Fresh take: The executive order on ACA and its impact on hospitals
President Trump’s order
to scale back Obamacare is far from the end of the health law. But it could trigger a wide array of changes. A few things to watch:
Patient readmissions/quality: The Trump administration now has the power to change the rules of the CMS-administered readmissions program, with an array of data reporting requirements that have contributed to hundreds of millions of dollars in penalties against providers. In a Senate hearing last week, Tom Price, Trump’s pick to lead HHS, said he wants to overhaul quality reporting rules, lamenting that the law has turned physicians into “data entry clerks.”
CMS Innovation Center: Established by the law, the innovation center has also drawn sharp criticism from Price, who has cited it as an example of government overreach into treatment decisions by providers. If confirmed, he could pull back government rules and new payment models that affect how hospitals treat certain diseases and conditions.
Insurance coverage: Both Medicaid and individual insurance coverage could change quickly, reducing the number of people with coverage. Trump’s pick for CMS chief, Seema Verma, is the architect of multiple state Medicaid waivers that require beneficiaries to pay premiums and work to maintain coverage. The Obama administration rejected some waiver applications, but Trump will likely give states more flexibility. In the individual insurance markets, the new administration could quickly pull back on the law’s mandate and cost-sharing subsidies, which would likely cause insurers to hike premiums or exit the market.
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Pressing question: Would you prescribe medical marijuana?
A recent survey
of medical students at the University of Colorado revealed a telling dichotomy — they overwhelmingly supported the legal use of marijuana
, but would be hesitant to prescribe it to patients.
So we asked our partner, Figure 1, to put the same question to a broader audience of health professionals. More than 400 responses poured in, reflecting a variety of viewpoints — and a lack of consensus — on a political issue with significant public health implications. A couple of responses that reflect the divide:
Family physician: “I practice evidence-based medicine. Anecdotes are not evidence. And until the evidence is there with clear guidelines in terms of dose, monitoring, effect, etc., I will not prescribe it.”
Emergency medicine physician: “Yes, absolutely, especially for detoxification from opiates.”
A Kentucky trauma unit kicks its opioid habit
Three years ago, UK Healthcare in Kentucky joined the growing movement of emergency departments reducing the amount of opioids prescribed to patients. “We don’t have the luxury of saying no to narcotics, period,” Dr. Phillip Chang, UK Healthcare’s chief medical officer, tells STAT. “But we’re trying to make it tolerable.” Now he has his eyes set on bringing those guidelines to the health system’s clinics throughout Kentucky, the state with the third-highest drug death rate in 2015.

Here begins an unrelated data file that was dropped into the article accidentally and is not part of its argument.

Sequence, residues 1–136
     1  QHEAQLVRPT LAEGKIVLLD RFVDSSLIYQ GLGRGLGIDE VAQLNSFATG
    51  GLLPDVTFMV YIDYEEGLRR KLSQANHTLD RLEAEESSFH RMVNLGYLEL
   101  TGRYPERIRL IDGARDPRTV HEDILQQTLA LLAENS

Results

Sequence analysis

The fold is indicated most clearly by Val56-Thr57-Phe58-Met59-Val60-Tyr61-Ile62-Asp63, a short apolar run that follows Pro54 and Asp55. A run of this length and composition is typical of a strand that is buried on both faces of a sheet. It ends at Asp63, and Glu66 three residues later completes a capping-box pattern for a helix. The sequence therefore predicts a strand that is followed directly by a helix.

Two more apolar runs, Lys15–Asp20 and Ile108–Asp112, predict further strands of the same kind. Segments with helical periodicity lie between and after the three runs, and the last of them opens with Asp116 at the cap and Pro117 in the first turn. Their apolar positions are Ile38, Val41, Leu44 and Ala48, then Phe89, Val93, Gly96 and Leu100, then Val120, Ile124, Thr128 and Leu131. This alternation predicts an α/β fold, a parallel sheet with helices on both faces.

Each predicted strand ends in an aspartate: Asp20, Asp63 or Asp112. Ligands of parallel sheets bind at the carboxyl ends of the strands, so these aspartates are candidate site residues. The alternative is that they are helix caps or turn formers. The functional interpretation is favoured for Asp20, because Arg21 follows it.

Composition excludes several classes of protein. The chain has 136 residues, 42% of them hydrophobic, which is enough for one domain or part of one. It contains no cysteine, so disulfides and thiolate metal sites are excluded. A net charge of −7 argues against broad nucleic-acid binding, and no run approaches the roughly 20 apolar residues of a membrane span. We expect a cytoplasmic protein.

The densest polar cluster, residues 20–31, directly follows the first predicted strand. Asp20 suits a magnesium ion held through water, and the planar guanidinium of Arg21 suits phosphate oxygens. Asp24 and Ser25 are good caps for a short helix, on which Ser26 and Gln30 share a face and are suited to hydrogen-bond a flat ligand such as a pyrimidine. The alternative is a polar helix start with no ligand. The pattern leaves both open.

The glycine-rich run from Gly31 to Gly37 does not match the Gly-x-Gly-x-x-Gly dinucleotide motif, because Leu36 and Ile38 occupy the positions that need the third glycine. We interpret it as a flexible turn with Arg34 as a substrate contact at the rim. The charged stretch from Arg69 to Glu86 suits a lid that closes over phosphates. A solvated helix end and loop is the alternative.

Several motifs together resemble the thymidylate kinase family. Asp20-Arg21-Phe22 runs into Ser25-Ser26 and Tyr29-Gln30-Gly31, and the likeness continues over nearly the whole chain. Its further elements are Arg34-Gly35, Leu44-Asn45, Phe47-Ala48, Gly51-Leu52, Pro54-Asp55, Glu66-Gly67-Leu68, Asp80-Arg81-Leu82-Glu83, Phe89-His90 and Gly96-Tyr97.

On the front lines: Navigating a technology minefield
Dr. Steven Chan has a rare combination of specialties: He is a psychiatrist and a fellow in the UCSF clinical informatics program. He spoke to us about the rise of the latter specialty and how it can improve mental health care. (This interview is edited for clarity.)
Why is clinical informatics important in improving health care?
As doctors, we interface with a lot of technologies, but we’re not typically involved in the buying processes, or implementation, or evaluating whether they work. For any sort of physician who is going through typical medical training, the education system is not there yet to equip them with these skills. That’s why this new training program exists at UCSF. The subspecialty gives us training to evaluate technologies and cut through a lot of the marketing hype.
How does the work apply to psychiatry?
Behavioral health and psychiatry have been underfunded for so long. I’d say they’re five or ten years behind other medical specialties when it comes to digital technologies. For instance, in the HITECH Act, they didn’t fund medical record systems for behavioral health or substance abuse. That needs to change.
How could adoption of these technologies help mental health care?
One of the things that needs advancement is behavioral health access. A lot of patients don’t get the care that they need, for depression, anxiety or PTSD. You think of an anxious patient, someone with social anxiety, they don’t want to come out of the house very often. So what I’m hoping to explore is what works for such patients and what’s just hype.
What are some of the promising technologies you’ve seen?
Things like telepsychiatry and video are the most promising at the moment because we can implement them much more easily. The second one would be apps for cognitive behavioral therapy. The more successful examples have been touted by the VA health system, where they are creating applications to help therapists and patients keep track of symptoms of mental illness.
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- Trump's plans for Obamacare revive talk of high-risk insurance pools (New York Times)
- Andrew Wakefield triggers backlash with Periscope video from Trump inaugural ball (STAT)
- A dying man's wish hits a hospital ethics hurdle (Seattle Times)
- Measles outbreak grows despite California's strict vaccination law (Los Angeles Times)